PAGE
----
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Scholarly Communication in the AT plan

Page history last edited by PBworks 12 years, 9 months ago

From Mike: One of the issues with attempting to move a campus towards net-enabled/net-mediated learning is that professors do not always have professional experience with using network technologies in their own professional development.

 

Putting a commitment to assisting professors with using these technologies (and rewarding them for their use) would seem to have the the dual benefit of raising the profile of the university in terms of scholarship and recognition, as well as giving professors a professional base from which to understand the power of these techonologies (thereby helping them to explain that to students).

 

I see myself as an example of this -- I spent almost 10 years in academic technology and elearning, working for some very prominent companies, but I see the year and a half I've spent political blogging (that is using the tech in pursuit of very defined goals) to have been almost as instructive to me, because it has really shown me what this process looks like to someone trying to accomplish something with it.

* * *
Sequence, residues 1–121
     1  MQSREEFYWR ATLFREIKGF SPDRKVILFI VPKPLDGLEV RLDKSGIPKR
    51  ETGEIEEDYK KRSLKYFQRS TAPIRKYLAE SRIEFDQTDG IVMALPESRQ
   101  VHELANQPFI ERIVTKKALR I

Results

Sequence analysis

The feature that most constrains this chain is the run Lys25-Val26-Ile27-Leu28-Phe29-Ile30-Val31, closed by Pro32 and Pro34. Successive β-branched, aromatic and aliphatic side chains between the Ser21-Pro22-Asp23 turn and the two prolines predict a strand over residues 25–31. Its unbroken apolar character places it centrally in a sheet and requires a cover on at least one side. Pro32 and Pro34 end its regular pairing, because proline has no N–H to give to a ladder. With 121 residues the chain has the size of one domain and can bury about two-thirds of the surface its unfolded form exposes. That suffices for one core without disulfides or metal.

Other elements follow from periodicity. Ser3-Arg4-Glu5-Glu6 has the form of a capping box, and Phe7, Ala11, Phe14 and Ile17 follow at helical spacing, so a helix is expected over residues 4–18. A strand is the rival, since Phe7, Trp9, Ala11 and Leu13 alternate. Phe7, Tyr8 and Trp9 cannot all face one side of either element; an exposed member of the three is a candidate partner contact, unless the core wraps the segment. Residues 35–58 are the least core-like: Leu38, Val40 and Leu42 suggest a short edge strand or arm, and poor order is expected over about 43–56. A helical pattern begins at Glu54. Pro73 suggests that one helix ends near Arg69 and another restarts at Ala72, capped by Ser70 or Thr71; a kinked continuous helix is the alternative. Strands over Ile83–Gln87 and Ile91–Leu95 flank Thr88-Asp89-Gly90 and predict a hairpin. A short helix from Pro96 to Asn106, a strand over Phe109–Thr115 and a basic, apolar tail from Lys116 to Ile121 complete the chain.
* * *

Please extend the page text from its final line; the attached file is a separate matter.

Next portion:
I'm interested if other universties have made this core to their plan.

 

[Not sure if we should use comments on this page to discuss this or add to the main body here....I'm such a blogger at heart ;)]

 

 

Draft of Statement on Scholarly Communication in the AT Plan:

 

 

Put Draft Here.

 

Comments:

 

I guess I'm a blogger at heart, too, because comments seems more appropriate. This is a topic that's near and dear to my heart. I would suggest that the commitment to assisting professors should happen within a context of connecting faculty to other faculty practitioners. Ultimately, I think the way to make technology matter to anyone is to demonstrate how it can deeply transform their connections to things that matter to them. And other people who share those connections are the best bearers of these messages. I can talk to faculty in economics about the power of technology, but Steve Greenlaw can make them understand it within the context of their own discipline. Establishing communities of practice, then, becomes vital. Faculty need to be empowered to share their stories. They need to be rewarded for leadership, and, ultimately, we should hope to foster a cycle/wheel of leadership that continues to sweep others along in its path.

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